Appropriate Use Criteria in acute coronary syndromes. The fact that the use of coronary revascularization for a particular condition is listed in this figure (appropriate, uncertain, or inappropriate) does not preclude the use of other therapeutic modalities that may be equally effective. See the most current American College of Cardiology/American Heart Association UA/NSTEMI and STEMI guidelines.15,16 A, appropriate; CAD, coronary artery disease; HF, heart failure; I, inappropriate; LVEF, left ventricular ejection fraction; PCI, percutaneous coronary intervention; STEMI, ST-segment elevation myocardial infarction; U, uncertain; and UA/NSTEMI, unstable angina/non–ST-segment elevation myocardial infarction. (Reproduced from Patel MR, Dehmer GJ, Hirshfeld JW, et al. ACCF/SCAI/STS/AATS/AHA/ASNC Appropriateness Criteria for Coronary Revascularization. J Am Coll Cardiol. 2009;53:530-553, Copyright © 2009, with permission from American College of Cardiology Foundation.)


Appropriate Use Criteria in patient with stable ischemic heart disease and noninvasive test result. A. Appropriateness ratings by low-risk findings on noninvasive imaging study and asymptomatic (patients without prior bypass surgery).  B. Appropriateness ratings by intermediate-risk findings on noninvasive imaging study and CCS class I or II angina (patients without prior bypass surgery). C. Appropriateness ratings by high-risk findings on noninvasive imaging study and CCS class III or IV angina (patients without prior bypass surgery). A, appropriate; CCS, Canadian Cardiovascular Society; CTO, chronic total occlusion; I, inappropriate; Int., intervention; Med., medical; Prox. LAD, proximal left anterior descending artery; Rx, treatment; U, uncertain; vz., vessel. (Reproduced from Patel MR, Dehmer GJ, Hirshfeld JW, et al. ACCF/SCAI/STS/AATS/AHA/ASNC Appropriateness Criteria for Coronary Revascularization. J Am Coll Cardiol. 2009;53:530-553, Copyright © 2009, with permission from American College of Cardiology Foundation.)


Method of revascularization of multivessel coronary artery disease. A, appropriate; CABG, coronary artery bypass grafting; CAD, coronary artery disease; CTO, chronic total occlusion; I, inappropriate; LAD, left anterior descending artery; PCI, percutaneous coronary intervention; SYNTAX, Synergy Between PCI with TAXUS and Cardiac Surgery; U, uncertain. (Reproduced from Patel MR, Dehmer GJ, Hirshfeld JW, et al. ACCF/SCAI/STS/AATS/AHA/ASNC 2012 Appropriateness Criteria for Coronary Revascularization: focused update. J Am Coll Cardiol. 2012;59:857-881, Copyright © 2012, with permission from American College of Cardiology Foundation.)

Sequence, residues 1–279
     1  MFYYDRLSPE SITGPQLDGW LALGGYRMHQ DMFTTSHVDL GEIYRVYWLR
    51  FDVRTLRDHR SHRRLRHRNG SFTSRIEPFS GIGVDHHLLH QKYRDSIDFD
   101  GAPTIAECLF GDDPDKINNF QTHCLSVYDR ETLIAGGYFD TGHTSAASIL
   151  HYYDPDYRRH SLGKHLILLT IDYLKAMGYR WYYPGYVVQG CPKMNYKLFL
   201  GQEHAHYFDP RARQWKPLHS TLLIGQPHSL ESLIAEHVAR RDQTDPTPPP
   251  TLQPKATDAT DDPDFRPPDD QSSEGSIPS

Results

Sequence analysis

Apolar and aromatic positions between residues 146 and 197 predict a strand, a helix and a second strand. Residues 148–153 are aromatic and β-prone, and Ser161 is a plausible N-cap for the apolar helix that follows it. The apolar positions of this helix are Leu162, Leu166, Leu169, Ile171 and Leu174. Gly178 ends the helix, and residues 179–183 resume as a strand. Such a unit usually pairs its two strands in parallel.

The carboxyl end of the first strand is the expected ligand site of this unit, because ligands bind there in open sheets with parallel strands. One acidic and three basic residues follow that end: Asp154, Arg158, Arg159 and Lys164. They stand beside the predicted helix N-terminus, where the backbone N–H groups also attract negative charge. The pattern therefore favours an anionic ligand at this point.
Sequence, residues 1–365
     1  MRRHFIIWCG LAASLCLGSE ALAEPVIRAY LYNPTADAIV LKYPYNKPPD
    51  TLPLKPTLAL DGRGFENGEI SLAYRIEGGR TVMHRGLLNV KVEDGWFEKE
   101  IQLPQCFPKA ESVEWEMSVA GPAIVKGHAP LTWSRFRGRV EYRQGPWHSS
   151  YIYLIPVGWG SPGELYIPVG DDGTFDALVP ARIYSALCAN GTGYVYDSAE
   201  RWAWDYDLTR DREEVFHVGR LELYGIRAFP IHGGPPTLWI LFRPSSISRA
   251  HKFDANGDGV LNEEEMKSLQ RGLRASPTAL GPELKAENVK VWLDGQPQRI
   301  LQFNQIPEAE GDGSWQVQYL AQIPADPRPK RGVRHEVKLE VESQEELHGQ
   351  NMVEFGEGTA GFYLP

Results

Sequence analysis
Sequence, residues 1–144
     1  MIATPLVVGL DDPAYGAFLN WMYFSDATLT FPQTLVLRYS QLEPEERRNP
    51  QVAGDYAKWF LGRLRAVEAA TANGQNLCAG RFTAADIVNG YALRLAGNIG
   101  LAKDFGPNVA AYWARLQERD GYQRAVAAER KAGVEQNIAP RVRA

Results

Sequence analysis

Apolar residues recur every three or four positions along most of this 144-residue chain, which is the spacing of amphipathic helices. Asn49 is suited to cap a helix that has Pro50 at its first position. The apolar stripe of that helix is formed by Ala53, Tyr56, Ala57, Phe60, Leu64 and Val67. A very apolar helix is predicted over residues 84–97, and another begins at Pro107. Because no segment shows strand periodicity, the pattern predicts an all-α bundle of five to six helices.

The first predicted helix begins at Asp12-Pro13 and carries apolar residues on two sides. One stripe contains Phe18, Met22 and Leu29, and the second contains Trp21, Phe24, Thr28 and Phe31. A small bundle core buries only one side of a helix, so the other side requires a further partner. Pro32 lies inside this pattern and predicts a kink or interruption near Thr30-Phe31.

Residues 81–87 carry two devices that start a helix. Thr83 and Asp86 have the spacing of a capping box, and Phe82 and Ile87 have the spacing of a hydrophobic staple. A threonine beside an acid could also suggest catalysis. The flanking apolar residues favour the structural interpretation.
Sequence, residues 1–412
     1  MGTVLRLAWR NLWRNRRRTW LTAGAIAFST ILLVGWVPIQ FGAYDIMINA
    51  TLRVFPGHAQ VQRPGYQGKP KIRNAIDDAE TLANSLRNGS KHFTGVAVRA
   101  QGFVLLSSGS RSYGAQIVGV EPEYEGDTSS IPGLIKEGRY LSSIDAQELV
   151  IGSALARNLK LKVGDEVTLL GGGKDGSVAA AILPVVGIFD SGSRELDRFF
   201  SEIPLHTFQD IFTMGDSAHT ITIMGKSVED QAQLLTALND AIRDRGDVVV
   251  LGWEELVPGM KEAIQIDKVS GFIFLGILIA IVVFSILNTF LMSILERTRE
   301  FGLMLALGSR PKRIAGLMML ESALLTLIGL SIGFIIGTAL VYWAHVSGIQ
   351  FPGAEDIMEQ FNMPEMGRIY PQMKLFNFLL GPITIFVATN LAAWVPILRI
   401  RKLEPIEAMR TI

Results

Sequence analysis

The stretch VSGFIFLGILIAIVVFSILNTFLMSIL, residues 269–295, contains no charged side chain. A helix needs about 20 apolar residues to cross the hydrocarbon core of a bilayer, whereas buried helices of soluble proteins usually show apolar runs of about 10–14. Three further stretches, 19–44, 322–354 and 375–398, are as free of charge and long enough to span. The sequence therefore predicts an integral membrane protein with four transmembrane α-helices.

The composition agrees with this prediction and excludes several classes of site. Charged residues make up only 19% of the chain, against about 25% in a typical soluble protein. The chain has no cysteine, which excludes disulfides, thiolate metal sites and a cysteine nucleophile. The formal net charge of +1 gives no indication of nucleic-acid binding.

The decision to perform coronary revascularization is correctly based on a multitude of factors, including the presence of a stenosis-producing ischemia, the severity of symptoms, application of medical therapy, objective evidence of ischemia, the volume of myocardium at jeopardy, the presence of viable myocardium with the potential for reversible dysfunction, and the demonstration of significant coronary stenoses that are treatable with current techniques. Each of these conditions requires substantial testing to demonstrate, and their interrelationships are notably variable.

The failure to find a quantitative method that resolves the uncertainty that attends the subjective interpretation of angiograms impacts the selection of patients for interventional procedures. Coronary angiography is widely recognized to have many imprecisions, especially with a stenosis in the intermediate range, yet it remains the primary diagnostic tool. Adding a physiologic measure of stenosis severity to angiographic assessment enhances the accuracy of diagnosis and optimizes the selection of patients for expensive and risky treatment options. The structure of the AUC is predicated on an assumption that the size of a defect on nuclear scans can be used as the standard for assessing the significance of a stenosis and the amount of myocardium subtended by a critical stenosis.